The bias for Th1 cell differentiation of rheumatoid arthritis T cells is characteristic of memory but not of naive T cells
© BioMed Central Ltd 2002
Received: 15 January 2002
Published: 4 February 2002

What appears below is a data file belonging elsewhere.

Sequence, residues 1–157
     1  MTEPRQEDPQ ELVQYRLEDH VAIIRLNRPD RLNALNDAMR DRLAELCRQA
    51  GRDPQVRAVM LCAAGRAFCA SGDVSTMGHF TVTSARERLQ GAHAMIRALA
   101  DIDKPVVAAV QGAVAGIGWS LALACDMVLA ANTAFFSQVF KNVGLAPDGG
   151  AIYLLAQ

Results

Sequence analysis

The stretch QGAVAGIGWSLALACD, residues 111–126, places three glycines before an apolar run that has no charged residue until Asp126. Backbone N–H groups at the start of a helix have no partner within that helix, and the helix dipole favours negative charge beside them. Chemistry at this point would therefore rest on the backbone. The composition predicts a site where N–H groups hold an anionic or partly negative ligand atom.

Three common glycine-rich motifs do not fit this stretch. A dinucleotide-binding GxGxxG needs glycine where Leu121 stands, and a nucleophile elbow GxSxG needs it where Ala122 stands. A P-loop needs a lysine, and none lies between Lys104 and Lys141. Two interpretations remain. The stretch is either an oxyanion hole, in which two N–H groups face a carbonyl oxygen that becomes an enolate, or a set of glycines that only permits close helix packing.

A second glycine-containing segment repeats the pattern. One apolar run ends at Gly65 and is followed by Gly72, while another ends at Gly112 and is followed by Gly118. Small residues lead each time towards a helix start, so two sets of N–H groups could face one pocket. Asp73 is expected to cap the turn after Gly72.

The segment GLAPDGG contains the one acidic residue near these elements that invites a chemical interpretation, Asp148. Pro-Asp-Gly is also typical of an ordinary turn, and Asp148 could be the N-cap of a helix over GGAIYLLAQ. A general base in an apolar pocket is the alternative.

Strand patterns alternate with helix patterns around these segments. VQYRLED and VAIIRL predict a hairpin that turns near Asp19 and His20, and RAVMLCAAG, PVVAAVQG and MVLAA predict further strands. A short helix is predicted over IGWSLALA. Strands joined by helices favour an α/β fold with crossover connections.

An impaired ability of CD4 memory T cells to differentiate into immunomodulatory Th2 cells has been documented in patients with rheumatoid arthritis (RA) and has been implicated in the initiation and perpetuation of the characteristic Th1 dominated rheumatoid inflammation. To determine the stage of T-cell maturation at which the bias for Th1 cell differentiation becomes manifest, we investigated Th cell differentiation from resting CD4 CD45RA (naive) and CD45RO (memory) T cells in patients with untreated early RA (mean disease duration <8 months) and in age- and sex-matched healthy controls in vitro. No differences in the cytokine secretion profile, as assessed by flow cytometry, between patients and control subjects were detected in freshly isolated naive or in freshly isolated memory T cells. Th2 cells could be induced from naive T cells in all healthy donors and in all RA patients by priming with monoclonal antibodies (mAbs) to CD3 and CD28. Exogenous IL-4 was not required for Th2 differentiation from naive cells and did not consistently increase Th2 priming efficacy. In contrast to naive cells, Th2 effectors were effectively generated from memory T cells by stimulation with anti-CD28 without ligation of the T-cell recceptor. This mode of stimulation generated Th2 cells from memory T cells of all healthy controls but in only one third of the RA patients. The data suggest that CD4 memory T cells from the majority of patients with early RA manifest a deficiency in their capacity to differentiate into Th2 effectors. In contrast, naive T cells are capable of differentiating into Th2 cells with appropriate stimulation suggesting that the bias in Th1 differentiation of most RA patients may be acquired during T-cell maturation presumably in response to antigenic stimulation.